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And this is what is left of a queen I added year before last.

Note that Sabal back there, I want more of them, too.

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In my post I sometimes express "my" opinion. Warning, it may differ from "your" opinion. If so, please do not feel insulted, just state your own if you wish. Any data in this post is provided 'as is' and in no event shall I be liable for any damages, including, without limitation, damages resulting from accuracy or lack thereof, insult, or any other damages

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Amidst utter destruction, look at those mules and the Jubutia. Tell me I don't want more of those in the garden.

Is the palm on the right a yatay mule? I like it.

Keith 

Palmetto, Florida (10a) and Tampa, Florida (9b/10a)

Palmetto.gif

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Amidst utter destruction, look at those mules and the Jubutia. Tell me I don't want more of those in the garden.

Is the palm on the right a yatay mule? I like it.

Yes, it is. Pretty much the showiest palm in my garden.

In my post I sometimes express "my" opinion. Warning, it may differ from "your" opinion. If so, please do not feel insulted, just state your own if you wish. Any data in this post is provided 'as is' and in no event shall I be liable for any damages, including, without limitation, damages resulting from accuracy or lack thereof, insult, or any other damages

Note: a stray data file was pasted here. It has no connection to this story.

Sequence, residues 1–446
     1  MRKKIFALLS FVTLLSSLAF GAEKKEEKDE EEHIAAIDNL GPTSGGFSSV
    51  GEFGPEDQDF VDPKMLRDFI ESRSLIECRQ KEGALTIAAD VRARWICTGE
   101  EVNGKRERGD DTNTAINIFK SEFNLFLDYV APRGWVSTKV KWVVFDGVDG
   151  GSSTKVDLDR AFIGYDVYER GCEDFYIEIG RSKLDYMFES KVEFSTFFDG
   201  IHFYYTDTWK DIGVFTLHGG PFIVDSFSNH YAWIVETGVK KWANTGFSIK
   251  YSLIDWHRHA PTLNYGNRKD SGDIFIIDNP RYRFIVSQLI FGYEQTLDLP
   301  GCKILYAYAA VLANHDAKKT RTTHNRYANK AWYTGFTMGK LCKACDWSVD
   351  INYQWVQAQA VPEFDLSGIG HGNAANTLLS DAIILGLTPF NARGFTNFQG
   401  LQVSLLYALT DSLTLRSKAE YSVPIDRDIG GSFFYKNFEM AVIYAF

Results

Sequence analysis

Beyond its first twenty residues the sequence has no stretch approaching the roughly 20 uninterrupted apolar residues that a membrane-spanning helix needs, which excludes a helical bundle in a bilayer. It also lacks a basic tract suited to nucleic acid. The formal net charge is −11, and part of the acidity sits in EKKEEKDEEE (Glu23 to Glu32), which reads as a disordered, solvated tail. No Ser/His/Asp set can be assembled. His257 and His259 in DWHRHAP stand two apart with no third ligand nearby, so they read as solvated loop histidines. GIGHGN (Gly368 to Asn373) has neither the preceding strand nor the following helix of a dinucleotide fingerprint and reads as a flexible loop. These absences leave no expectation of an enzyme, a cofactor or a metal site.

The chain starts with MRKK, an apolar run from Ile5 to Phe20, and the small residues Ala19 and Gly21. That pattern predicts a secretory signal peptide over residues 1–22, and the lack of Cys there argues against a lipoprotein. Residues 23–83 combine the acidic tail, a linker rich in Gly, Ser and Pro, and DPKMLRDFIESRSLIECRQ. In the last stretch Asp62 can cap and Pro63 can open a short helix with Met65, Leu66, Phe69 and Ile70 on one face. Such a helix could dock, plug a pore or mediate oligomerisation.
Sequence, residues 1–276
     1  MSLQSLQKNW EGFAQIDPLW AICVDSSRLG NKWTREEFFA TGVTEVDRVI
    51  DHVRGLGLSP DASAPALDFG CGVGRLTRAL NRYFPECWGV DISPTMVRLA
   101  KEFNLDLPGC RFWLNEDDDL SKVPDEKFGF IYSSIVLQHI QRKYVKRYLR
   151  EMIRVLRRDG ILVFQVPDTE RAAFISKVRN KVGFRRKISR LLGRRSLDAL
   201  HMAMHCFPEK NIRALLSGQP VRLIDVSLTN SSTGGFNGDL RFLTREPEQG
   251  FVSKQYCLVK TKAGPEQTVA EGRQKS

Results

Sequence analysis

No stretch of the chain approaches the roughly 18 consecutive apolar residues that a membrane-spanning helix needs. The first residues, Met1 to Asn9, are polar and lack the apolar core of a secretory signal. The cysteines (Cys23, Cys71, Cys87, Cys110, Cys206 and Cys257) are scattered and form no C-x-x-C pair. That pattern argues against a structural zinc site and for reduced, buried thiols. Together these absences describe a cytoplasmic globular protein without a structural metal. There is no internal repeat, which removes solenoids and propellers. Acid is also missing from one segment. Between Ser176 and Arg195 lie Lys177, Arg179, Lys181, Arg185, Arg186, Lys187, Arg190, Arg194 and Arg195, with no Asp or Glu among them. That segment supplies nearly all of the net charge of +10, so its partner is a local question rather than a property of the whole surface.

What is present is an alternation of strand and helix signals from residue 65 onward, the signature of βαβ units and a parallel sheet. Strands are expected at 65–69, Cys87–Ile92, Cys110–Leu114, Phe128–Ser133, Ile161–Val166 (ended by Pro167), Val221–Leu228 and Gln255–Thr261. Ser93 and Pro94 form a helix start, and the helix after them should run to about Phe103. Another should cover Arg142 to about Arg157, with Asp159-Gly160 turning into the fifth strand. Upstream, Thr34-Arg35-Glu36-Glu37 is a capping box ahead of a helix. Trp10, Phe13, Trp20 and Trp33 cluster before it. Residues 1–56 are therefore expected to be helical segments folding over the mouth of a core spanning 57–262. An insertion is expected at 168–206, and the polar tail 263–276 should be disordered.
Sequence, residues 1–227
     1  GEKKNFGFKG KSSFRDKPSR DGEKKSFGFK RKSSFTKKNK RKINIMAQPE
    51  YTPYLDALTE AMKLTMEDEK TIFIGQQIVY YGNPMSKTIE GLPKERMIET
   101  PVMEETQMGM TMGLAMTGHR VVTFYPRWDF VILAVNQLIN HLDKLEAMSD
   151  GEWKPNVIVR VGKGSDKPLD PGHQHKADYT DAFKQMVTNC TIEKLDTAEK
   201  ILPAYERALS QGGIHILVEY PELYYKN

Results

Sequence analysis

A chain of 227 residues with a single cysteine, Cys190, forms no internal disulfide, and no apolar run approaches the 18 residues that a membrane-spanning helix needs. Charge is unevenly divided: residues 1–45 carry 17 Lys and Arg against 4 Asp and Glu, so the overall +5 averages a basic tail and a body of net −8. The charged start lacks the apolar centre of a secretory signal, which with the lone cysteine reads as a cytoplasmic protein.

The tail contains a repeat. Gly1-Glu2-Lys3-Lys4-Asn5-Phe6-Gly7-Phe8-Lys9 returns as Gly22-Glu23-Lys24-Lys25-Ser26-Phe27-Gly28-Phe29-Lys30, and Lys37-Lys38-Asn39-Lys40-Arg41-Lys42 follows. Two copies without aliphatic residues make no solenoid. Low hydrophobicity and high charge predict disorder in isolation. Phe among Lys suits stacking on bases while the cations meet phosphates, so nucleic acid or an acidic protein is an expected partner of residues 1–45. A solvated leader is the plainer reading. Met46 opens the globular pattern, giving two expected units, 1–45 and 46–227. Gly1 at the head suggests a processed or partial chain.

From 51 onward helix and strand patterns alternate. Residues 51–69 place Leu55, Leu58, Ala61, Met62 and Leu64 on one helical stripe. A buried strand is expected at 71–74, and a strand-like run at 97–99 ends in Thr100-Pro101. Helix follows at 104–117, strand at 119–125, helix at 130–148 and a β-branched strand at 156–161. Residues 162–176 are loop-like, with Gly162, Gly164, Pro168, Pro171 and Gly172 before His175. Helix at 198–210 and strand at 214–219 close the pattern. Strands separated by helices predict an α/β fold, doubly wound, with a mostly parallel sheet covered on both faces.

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Yes thats a fine one....love the height of the crown.

David Simms zone 9a on Highway 30a

200 steps from the Gulf in NW Florida

30 ft. elevation and sandy soil

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Keith, i have a similar sized queen also planted in 2012.

Did yours grow fast after planting out? I noticed it had 3 fullgrown fronds, do they need more trunkmass before they start to grow more fronds/bigger crowns?

Axel

Edited by Axel Amsterdam
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Thanks for your photos Keith. While we had some pretty cold temps here we didn't experience an advective freeze like you guys so the mule photos were very interesting to see. Pretty sure this part of Calif had one in the late 80s or early 90s before we moved here, and at some point I'm sure we will see another one. Glad to know we chose well for a cold hardy yard by selecting our mules as the anchoring palms. I did notice your sabal in the background. Looks like a trunking version...? What kind is it?